What is the document retention requirement of a property management company for power of attorney and financial lease documents?
– Patrick from Jacksonville Beach, FL
For real estate professionals, the general rule of thumb is that you should retain copies of all expired leases for at least seven years. This dovetails with the federal statute of limitations: After seven years, it’s generally too late for any party claiming to be aggrieved to bring a suit against you to enforce that contract.
In Florida, however, the statute of limitations on enforcement of provisions of contracts is five years. (The statute of limitations for enforcement of property insurance contracts, however, extends from the date of loss.) For verbal contracts, the statute in Florida is four years. However, the National Federation of Independent Businesses suggests keeping any documents related to the transfer of real estate for at least 20 years.
For IRS and tax-related business documents the statute of limitations is as follows:
- If you did not report income that you should have reported, and it’s more than 25 percent of the gross income on the return, the statute of limitations is six years from the filing of the return. (Returns filed before the due date are treated as having been filed on the due date.)
- If you file a fraudulent return, there is no limit to the statute of limitations. The IRS can challenge you on the basis of fraud at any time.
- If you do not file a return, there is no statute of limitations.
- If you file a claim for a loss due to worthless securities or a bad debt reduction, the statute of limitations is seven years.
- If you file a claim for credit or refund after you file your return, the statute of limitations is the later of three years, or two years after the tax was paid.
- All payroll tax documents must be kept on file for at least four years after the tax is due or paid, whichever is later.
That said, your property management company should absolutely have a formal, written document retention policy.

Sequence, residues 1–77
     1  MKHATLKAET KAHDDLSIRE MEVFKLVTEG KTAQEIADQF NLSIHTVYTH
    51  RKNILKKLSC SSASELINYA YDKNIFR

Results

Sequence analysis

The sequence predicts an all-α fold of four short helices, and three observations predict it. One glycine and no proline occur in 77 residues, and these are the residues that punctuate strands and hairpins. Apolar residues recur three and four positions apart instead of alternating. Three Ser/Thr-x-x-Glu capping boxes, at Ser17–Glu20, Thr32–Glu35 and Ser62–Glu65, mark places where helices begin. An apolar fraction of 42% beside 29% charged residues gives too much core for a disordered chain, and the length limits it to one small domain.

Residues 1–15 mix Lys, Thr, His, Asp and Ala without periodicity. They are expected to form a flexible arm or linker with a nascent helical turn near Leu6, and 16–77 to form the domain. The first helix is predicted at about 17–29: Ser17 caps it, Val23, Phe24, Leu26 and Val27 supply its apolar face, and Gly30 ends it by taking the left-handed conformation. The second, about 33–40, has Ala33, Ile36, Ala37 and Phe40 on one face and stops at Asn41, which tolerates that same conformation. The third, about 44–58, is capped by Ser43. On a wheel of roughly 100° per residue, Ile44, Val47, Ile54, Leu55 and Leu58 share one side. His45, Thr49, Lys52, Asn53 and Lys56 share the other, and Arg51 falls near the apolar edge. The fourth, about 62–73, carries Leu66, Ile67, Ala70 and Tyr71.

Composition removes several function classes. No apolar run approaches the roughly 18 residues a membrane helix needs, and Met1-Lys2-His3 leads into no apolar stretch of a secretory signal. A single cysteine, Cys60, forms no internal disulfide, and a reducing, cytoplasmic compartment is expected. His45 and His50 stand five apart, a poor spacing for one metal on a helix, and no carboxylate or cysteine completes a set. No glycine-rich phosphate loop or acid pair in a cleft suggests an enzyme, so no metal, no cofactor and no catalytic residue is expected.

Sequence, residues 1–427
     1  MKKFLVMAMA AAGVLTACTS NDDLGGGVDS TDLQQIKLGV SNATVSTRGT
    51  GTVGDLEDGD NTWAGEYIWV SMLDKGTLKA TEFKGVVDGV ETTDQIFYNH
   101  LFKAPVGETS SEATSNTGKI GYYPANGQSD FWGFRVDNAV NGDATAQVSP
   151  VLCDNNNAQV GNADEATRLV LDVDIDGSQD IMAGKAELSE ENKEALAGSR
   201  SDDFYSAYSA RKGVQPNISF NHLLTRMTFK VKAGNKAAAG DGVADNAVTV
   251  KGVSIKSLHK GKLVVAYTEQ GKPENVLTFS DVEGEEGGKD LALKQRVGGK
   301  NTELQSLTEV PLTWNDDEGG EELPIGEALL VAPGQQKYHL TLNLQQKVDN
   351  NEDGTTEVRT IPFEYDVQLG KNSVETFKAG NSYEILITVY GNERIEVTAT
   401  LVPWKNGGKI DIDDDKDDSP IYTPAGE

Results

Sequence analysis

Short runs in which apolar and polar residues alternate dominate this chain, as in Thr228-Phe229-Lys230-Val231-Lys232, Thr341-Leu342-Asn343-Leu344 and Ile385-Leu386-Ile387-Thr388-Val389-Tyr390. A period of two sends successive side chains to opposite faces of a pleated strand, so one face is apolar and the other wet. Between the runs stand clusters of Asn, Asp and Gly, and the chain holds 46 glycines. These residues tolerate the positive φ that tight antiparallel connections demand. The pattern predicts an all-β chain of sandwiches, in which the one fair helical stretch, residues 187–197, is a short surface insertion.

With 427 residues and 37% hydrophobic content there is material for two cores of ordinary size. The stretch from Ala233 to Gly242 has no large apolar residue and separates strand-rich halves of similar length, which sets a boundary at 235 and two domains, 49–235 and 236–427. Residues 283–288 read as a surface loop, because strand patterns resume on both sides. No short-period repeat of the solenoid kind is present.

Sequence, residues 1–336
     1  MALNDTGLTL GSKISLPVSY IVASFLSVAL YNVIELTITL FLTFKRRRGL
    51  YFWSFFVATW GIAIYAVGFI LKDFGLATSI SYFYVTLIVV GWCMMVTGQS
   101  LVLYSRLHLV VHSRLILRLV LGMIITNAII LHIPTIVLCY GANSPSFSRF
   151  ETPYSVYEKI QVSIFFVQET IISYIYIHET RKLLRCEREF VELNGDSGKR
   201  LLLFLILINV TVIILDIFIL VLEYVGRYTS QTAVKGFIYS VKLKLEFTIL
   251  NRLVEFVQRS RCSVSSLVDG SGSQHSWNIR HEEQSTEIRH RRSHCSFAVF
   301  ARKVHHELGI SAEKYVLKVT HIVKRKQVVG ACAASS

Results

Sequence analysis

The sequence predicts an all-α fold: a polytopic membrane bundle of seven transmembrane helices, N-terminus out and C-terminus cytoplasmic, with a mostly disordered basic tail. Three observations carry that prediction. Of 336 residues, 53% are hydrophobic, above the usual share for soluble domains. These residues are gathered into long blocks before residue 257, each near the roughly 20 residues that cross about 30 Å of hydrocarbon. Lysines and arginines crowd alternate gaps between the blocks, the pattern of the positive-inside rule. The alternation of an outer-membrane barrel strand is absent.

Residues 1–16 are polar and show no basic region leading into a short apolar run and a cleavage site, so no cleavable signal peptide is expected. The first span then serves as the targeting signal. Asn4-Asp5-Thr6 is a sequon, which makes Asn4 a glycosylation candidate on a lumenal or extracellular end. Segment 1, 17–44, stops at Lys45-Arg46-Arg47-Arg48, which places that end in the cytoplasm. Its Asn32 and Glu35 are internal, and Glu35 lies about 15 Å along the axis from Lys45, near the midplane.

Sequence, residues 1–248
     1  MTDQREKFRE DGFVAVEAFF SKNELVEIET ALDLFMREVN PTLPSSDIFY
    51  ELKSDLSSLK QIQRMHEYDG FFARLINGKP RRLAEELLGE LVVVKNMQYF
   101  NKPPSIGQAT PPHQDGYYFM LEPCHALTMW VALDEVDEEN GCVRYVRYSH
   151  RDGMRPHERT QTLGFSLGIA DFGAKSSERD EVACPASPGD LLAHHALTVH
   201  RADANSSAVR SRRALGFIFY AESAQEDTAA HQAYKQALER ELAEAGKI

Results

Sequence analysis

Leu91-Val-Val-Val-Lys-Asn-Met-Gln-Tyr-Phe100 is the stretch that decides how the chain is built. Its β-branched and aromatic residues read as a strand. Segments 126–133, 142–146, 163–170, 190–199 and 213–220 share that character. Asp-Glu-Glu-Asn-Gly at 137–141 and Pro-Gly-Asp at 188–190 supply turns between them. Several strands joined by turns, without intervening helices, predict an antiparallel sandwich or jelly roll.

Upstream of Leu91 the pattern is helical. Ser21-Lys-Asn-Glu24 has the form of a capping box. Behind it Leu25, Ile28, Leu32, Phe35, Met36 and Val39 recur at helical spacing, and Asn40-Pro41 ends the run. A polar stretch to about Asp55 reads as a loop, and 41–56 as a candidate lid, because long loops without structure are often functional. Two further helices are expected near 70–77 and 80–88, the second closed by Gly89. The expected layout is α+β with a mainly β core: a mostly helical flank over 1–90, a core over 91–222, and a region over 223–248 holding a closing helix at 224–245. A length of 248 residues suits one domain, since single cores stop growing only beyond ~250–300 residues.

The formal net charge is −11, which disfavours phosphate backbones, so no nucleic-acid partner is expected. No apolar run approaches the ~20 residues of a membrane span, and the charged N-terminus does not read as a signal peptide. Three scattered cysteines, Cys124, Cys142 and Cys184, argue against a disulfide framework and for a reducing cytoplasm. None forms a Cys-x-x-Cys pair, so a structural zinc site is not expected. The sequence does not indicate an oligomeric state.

Fortunately, you’re not on your own. The National Federation of Independent Businesses, in fact, has done much of the legwork for you on developing a sound and coherent document retention policy.
Note: Some states have passed a version of the Uniform Preservation of Private Records Act, that provides businesses some safe harbor to destroy most records after three years unless there is reason to believe that these records will be relevant to pending litigation, or unless there is a separate statute specifically calling for the retention of these records for a longer period of time. Florida, however, has not passed that law. For other readers, you can see if your state passed that law by seeing if it’s listed on this page (select your state from the scroll down menu).
Here are some best practices for document retention:
- Identify a document retention policy manager by name. Ensure that this responsibility is reassigned if the first DRP manager leaves the company.
- Do not “purge files” or clean out file cabinets willy-nilly. Always have your DRP manager involved in these efforts, and always conduct them IAW your written DRP policy.
- Go paperless, and back up your data regularly. However, your state may require you to keep paper copies of some documents.
- Ensure your DRP policy specifies the method of destruction. Never just throw sensitive files in the dumpster. For example, you may have personally identifiable information related to your employees’ health status on file with your health insurance and employee records. Failure to take adequate steps to control and destroy that information could lead to massive fines and even criminal prosecution for violation of the Health Insurance Portability and Accountability Act.
- Your document retention policy should also address security. For example, employee documents and anything else with personally identifiable information on it should be kept under lock and key, with access strictly controlled and restricted to those who need access, such as those charged with administering employee benefits, for example.
Note: Nothing in this article should be construed to be legal advice. Your document retention policy should be closely tailored to your specific state law as well as the nature of your business. As electronic storage gets more affordable, there is less reason to purge files. In the event of litigation or an audit, you may need to keep some files around longer than you think.
You may also need to keep some files on hand for public relations reasons, historical interest, or to prepare for the sale of your company. A solid document retention policy can help increase the value of your company to potential purchasers, and even potentially help you manage errors and omissions premiums.